Anthony Ryan’s Raven’s Shadow series started with a bang, with many genre readers absolutely adoring Blood Song. The followups, however, seemed to be divisive, mostly stemming from the fact that Ryan opted to expand the series to have primary perspectives beyond what made Blood Song so good – Vaelin al Sorna. Hope Killer. Eruhin Makhtar. I was one of the (seemingly) few who still enjoyed its sequel, Tower Lord (haven’t read Queen of Fire yet), and when I saw the cover and read the blurb for his latest, The Waking Fire, I couldn’t help but be excited. Alchemical powers! Dragons! Pirates! Steamships! Anthony Ryan! As it turns out, I found it leaps and bounds better than Blood Song, and a great start to The Draconis Memoria.
The Ironship Trading Syndicate is dominated by the distribution of “product,” or drake blood. The blood of drakes is used to fuel not only the Syndicate’s economy, but the powers of those called Blood-blessed, who can drink the various colors of distilled drake blood to gain superhuman abilities. The fact that drake blood is so heavily relied-upon has put the drakes on the road to extinction, and if that happens, the Syndicate will soon find the neighboring Corvantine Empire on their doorstep. A top-secret Syndicate group called Exceptional Initiatives has recently uncovered the possible existence of a new breed of drake – the White – whose power is said to be leagues beyond that of the Reds, Greens, Blues, and Blacks, and they’re willing to do anything to find it and exploit it.
Claydon Torcreek is an unregistered Blood-blessed, making his way in life through thieving and participating in underground fight clubs. When he finds himself on the wrong side of a prison cell, he’s offered a chance at freedom through aiding Exceptional Initiatives in their hunt for the White. Lizanne Lethridge is a Blood-blessed spy and assassin in Exceptional Initiatives, and she’s been tasked to go behind enemy lines, deep undercover as a servant of an enemy lord who supposedly has knowledge of the White’s whereabouts. Finally, Corrick Hilemore is an officer on an Ironship vessel hunting pirates, when an unexpected clash leads him and his crew far beyond pirate-infested waters.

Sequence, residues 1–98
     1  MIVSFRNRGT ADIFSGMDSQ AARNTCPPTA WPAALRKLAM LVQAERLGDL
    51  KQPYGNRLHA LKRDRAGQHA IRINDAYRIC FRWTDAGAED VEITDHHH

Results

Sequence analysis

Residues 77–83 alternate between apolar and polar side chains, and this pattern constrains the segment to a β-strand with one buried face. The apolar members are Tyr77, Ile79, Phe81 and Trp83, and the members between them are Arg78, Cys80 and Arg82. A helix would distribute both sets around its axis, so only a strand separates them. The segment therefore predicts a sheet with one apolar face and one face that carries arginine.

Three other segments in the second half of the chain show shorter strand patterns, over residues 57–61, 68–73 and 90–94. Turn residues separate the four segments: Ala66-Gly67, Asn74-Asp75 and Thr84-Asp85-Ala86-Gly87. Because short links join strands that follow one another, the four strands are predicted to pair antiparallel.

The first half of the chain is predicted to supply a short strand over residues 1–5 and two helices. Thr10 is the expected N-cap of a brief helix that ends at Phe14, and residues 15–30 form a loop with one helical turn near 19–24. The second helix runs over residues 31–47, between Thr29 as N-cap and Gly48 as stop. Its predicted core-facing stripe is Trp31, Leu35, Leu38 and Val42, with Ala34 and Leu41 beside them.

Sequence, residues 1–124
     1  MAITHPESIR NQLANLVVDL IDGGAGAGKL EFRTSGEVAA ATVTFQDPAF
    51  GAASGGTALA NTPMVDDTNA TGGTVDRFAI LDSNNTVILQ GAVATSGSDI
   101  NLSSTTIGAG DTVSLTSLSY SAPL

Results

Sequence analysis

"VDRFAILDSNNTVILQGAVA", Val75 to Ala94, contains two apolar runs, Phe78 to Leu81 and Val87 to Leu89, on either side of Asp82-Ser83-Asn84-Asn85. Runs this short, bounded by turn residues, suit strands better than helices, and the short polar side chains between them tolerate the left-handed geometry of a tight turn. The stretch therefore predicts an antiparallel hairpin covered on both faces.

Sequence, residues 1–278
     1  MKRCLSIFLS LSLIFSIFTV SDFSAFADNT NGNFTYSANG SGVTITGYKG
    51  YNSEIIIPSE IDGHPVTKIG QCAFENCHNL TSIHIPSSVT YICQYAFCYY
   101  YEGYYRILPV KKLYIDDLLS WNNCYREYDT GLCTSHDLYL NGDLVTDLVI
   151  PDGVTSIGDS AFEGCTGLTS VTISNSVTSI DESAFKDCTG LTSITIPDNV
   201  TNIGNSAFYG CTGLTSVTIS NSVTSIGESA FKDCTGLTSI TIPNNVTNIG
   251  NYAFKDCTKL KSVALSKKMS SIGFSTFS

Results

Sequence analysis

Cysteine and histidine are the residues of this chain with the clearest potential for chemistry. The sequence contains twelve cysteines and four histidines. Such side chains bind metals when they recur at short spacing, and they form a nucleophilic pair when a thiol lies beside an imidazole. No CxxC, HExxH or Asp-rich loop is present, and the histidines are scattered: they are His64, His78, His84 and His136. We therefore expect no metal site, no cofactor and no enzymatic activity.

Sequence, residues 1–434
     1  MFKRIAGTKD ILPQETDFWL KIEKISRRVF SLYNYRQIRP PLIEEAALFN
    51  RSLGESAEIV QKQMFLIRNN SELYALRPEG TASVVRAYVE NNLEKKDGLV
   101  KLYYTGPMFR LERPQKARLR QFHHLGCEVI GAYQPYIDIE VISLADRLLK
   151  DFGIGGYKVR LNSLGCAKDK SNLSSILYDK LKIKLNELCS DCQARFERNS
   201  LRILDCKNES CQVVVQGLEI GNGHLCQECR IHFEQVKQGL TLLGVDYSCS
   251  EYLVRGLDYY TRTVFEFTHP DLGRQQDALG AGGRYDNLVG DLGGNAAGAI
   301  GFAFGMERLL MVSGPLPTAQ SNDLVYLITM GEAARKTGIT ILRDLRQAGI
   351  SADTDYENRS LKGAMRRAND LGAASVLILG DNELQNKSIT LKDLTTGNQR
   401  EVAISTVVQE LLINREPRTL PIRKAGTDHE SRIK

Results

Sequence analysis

If there’s one thing Anthony Ryan does well (there are actually several, but that’s not important right now), it’s his ability to build a richly-detailed world in a reasonable amount of pages. In all three Ryan novels I’ve read, I’ve had the same feeling – that they were the perfect non-tome length, but I still got the feeling of a complete world I could get lost in. Whether it’s Clay’s insane adventure into uncharted wilderness in search of the White, Lizanne’s subterfuge and general badassery behind enemy lines, or Hilemore’s thrilling clashes at sea, I was totally and utterly absorbed. Ryan has the viscera of battle, whether at land or at sea, down to a tee.
Something that goes hand-in-hand with the worldbuilding is the pace of the plot. I mentioned that I never felt like I needed more or less pages than what we’re given; the plot is (mostly) consistently interesting and well-paced. It didn’t matter if I was reading about Lizanne was giving reports to her superior, Madame Bondersil, Clay was sitting watch by the campfire, or Hilemore was running his riflemen through drills – Ryan wrote it so that you can always feel the tension, the uneasiness of the characters that something terrible is just beyond that door, just beyond the light of the campfire, just over that wave.
With three main characters, it’s no small feat when there isn’t a single one of them that I was disappointed to find at the header of the next chapter. Each was compelling and felt fleshed-out, which is an attribute that extended to even the secondary characters. Braddon Torcreek, Clay’s grizzled old uncle and head of the company that is leading the expedition to find the White; Jermayah, the Leonardo da Vinci-like inventor; Mr. Steelfine, the Master-At-Arms of Hilemore’s Viable Opportunity, to name a few of the ensemble of interesting secondary characters I was more than keen on following.
All in all, with superb narrative flow, a compelling plot, and excellent characterization, The Waking Fire is an inventive, riveting beginning to a series that’s sure to turn heads, and it sits firmly on my shelf of favorites. I eagerly await The Legion of Flame in July 2017.